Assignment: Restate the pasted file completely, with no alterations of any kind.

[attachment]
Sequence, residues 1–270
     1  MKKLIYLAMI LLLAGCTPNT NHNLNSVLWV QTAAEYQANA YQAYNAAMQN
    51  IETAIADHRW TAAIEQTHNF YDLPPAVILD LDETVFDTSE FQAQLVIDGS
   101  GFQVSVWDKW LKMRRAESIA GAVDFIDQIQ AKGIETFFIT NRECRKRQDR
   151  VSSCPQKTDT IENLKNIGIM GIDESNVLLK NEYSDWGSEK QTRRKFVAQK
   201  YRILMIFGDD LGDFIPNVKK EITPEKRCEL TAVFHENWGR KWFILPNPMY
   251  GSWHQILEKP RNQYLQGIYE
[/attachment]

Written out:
Sequence, residues 1–270
     1  MKKLIYLAMI LLLAGCTPNT NHNLNSVLWV QTAAEYQANA YQAYNAAMQN
    51  IETAIADHRW TAAIEQTHNF YDLPPAVILD LDETVFDTSE FQAQLVIDGS
   101  GFQVSVWDKW LKMRRAESIA GAVDFIDQIQ AKGIETFFIT NRECRKRQDR
   151  VSSCPQKTDT IENLKNIGIM GIDESNVLLK NEYSDWGSEK QTRRKFVAQK
   201  YRILMIFGDD LGDFIPNVKK EITPEKRCEL TAVFHENWGR KWFILPNPMY
   251  GSWHQILEKP RNQYLQGIYE